What is AI Doing in Healthcare?

September 25, 2023
Hexagons on screen representing healthcare AI
Artificial intelligence (AI) has the capability to advance—if not revolutionize—non-acute healthcare by improving how providers diagnose, treat and monitor patients. AI is positioned to drive a growing number of healthcare use cases, including leveraging advanced machines and technologies that analyze medical data to predict an outcome or help physicians determine a diagnosis.
These use cases are part of the reason the global AI healthcare market is expected to jump from $10.4 billion in 2021 to $164.1 billion by 2029, according to Fortune Business Insights. That represents an impressive 42.4% compound annual growth rate.

Unlike other analytic technologies, AI can quickly analyze and summarize extremely large volumes of complex medical data. This opens a range of new possibilities and opportunities in healthcare, such as helping providers determine the best treatment options for patients based on myriad criteria and data points.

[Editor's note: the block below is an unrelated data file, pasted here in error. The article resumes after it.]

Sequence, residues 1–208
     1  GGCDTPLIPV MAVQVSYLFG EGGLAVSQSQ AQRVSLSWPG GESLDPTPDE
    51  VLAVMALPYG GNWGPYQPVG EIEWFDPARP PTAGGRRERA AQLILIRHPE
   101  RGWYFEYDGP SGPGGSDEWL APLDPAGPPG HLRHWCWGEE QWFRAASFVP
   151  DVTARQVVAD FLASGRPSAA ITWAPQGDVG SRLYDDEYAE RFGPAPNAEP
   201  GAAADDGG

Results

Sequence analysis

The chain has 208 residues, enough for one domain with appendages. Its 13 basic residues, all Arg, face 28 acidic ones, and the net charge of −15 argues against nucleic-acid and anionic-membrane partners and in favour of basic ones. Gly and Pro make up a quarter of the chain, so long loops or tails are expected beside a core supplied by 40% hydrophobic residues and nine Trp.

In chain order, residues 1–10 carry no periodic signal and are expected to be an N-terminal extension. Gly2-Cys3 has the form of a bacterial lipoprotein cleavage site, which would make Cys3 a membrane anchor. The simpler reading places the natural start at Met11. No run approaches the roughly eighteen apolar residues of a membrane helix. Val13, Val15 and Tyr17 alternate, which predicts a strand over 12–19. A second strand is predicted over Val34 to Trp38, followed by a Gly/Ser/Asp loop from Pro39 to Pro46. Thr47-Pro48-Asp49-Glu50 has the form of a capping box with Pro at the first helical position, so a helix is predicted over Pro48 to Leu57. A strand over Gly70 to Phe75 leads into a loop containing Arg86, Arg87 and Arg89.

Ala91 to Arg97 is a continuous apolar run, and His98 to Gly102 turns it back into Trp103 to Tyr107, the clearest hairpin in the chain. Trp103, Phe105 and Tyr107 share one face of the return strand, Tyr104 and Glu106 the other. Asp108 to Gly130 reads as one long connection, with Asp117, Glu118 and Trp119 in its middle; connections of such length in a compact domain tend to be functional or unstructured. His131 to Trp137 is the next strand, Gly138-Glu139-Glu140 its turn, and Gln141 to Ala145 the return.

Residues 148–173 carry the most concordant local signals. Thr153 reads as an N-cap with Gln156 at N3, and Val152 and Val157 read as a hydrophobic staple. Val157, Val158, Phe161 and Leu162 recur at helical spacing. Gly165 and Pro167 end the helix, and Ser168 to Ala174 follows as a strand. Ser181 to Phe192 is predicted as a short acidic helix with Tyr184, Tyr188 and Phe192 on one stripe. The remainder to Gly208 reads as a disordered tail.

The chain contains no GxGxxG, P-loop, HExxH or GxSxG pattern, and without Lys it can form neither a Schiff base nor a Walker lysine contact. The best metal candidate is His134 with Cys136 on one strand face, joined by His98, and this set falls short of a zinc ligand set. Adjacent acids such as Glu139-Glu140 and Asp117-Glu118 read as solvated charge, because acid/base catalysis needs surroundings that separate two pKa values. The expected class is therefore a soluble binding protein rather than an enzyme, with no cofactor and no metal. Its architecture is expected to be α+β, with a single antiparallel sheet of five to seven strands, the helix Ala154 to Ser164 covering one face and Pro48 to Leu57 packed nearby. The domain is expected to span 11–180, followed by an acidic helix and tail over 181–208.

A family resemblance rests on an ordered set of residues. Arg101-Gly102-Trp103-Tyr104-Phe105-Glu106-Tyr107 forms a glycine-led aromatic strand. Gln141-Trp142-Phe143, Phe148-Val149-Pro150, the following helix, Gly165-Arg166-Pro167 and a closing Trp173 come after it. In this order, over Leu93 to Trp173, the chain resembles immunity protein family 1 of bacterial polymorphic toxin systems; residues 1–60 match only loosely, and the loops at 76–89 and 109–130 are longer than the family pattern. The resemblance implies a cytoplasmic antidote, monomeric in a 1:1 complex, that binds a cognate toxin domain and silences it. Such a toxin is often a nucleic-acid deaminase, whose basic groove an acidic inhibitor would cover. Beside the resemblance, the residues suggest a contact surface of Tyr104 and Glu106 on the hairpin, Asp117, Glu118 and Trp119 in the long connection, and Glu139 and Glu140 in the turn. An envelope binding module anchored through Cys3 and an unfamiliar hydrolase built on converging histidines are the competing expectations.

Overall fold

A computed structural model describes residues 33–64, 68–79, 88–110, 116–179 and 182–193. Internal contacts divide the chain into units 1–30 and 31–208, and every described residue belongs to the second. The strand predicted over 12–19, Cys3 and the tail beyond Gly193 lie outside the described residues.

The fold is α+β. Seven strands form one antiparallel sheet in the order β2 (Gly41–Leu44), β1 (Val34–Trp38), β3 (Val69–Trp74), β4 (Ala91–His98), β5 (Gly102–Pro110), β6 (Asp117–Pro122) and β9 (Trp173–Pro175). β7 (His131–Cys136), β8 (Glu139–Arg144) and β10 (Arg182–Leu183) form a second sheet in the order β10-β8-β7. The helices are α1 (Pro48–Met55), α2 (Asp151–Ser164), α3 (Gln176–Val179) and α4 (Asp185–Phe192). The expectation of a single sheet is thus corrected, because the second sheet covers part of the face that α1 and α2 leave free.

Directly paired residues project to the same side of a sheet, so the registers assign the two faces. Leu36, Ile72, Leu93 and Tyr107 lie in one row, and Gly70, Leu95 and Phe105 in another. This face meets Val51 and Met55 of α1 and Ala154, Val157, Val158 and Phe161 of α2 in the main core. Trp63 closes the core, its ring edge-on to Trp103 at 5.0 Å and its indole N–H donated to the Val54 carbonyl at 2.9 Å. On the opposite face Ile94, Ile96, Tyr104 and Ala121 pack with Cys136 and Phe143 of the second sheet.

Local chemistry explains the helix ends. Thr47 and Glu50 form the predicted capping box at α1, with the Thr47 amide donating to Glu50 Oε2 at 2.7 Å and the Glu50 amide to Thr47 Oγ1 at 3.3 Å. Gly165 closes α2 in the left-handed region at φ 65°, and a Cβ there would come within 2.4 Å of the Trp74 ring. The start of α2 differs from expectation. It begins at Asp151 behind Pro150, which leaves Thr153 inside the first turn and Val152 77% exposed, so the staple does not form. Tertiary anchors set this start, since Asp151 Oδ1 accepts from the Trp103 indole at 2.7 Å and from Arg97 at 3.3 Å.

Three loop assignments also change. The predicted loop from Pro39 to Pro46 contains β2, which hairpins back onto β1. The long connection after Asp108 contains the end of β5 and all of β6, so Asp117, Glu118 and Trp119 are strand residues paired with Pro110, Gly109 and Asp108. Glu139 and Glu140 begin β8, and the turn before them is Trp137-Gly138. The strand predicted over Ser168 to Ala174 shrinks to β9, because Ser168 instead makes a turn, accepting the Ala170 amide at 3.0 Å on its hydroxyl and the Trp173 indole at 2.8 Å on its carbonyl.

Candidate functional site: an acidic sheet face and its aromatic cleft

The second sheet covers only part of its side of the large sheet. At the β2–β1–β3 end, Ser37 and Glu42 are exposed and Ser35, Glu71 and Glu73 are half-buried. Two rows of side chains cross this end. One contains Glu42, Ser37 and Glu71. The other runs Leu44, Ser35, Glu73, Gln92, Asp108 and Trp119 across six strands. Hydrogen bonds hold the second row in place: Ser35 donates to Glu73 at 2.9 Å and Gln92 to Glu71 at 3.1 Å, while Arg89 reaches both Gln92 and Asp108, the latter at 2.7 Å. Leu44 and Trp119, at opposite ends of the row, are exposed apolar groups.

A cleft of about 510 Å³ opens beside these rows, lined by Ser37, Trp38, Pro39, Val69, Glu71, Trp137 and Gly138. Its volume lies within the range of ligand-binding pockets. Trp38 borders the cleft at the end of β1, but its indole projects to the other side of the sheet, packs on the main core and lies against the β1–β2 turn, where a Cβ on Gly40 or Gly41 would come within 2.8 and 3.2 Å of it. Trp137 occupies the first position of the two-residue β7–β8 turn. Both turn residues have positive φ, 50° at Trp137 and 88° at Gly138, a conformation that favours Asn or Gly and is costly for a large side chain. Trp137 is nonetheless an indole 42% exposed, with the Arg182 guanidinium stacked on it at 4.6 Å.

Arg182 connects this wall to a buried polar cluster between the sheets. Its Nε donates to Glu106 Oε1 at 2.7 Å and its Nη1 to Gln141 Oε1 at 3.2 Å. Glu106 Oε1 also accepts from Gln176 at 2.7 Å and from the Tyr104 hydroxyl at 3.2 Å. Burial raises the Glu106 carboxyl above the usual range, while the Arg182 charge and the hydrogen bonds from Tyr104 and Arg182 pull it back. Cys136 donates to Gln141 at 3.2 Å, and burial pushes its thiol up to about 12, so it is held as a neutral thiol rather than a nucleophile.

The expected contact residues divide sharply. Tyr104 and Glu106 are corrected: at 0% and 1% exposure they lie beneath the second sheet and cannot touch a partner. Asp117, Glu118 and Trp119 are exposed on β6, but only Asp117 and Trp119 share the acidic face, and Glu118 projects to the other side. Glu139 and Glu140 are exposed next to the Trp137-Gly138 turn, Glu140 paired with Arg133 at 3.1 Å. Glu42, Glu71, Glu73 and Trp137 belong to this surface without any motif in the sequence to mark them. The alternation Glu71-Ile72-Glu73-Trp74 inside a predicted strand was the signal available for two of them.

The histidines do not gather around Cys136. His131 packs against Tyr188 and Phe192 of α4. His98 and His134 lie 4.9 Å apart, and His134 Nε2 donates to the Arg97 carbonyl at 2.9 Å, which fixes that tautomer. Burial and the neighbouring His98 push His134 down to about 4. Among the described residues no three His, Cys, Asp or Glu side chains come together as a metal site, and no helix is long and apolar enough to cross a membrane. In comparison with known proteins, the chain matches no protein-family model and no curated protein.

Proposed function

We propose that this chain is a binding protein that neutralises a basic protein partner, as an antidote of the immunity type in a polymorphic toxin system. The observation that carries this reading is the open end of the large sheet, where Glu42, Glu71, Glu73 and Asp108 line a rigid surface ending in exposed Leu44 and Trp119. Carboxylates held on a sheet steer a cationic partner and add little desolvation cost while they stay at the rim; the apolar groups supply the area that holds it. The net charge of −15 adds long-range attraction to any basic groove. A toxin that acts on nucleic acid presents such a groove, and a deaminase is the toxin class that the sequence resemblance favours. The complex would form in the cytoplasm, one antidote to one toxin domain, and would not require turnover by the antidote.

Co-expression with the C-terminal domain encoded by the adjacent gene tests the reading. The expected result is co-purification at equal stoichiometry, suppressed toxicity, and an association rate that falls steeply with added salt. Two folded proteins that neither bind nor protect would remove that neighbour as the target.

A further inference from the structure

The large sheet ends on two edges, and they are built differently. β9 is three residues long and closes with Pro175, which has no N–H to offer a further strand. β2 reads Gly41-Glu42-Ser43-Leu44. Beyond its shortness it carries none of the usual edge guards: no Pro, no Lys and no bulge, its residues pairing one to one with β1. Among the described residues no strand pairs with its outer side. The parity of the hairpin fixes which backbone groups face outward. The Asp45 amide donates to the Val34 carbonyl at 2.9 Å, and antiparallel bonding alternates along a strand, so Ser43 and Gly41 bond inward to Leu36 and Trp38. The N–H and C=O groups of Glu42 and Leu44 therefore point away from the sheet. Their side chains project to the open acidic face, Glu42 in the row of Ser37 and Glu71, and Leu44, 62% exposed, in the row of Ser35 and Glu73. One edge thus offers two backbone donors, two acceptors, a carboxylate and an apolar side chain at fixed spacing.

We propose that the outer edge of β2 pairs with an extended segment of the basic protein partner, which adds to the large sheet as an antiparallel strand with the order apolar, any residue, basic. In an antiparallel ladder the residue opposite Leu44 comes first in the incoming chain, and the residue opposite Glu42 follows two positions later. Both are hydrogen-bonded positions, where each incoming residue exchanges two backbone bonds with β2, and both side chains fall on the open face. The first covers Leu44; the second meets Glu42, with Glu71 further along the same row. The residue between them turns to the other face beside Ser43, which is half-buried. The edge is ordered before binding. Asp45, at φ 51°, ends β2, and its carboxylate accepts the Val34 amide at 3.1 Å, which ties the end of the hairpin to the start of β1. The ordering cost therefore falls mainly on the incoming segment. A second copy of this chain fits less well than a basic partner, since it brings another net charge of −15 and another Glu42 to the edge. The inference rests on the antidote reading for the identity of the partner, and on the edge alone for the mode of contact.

“The healthcare industry faces several challenges, such as pandemics, chronic diseases, mental health concerns and a shortage of medical professionals, which generative AI could potentially address,” according to the World Economic Forum. “Generative AI isn’t just a passing trend; it's a rapidly evolving ecosystem of tools growing in popularity showing huge potential to revolutionize healthcare in ways we’ve never seen before.”


AI can be implemented across non-acute healthcare to improve patient care and outcomes. For example, AI can offer real-time analysis of remote patient monitoring systems, or analyze patient data and clinical trial data to predict people at risk of diseases, conditions or complications. Likewise, AI can recommend personalized healthcare treatments based on patient information and characteristics.
Plus, with its ability to interpret large volumes of data and medical tests including MRIs and X-rays, AI can provide in-depth analytical insights and therefore offer a diagnosis quickly.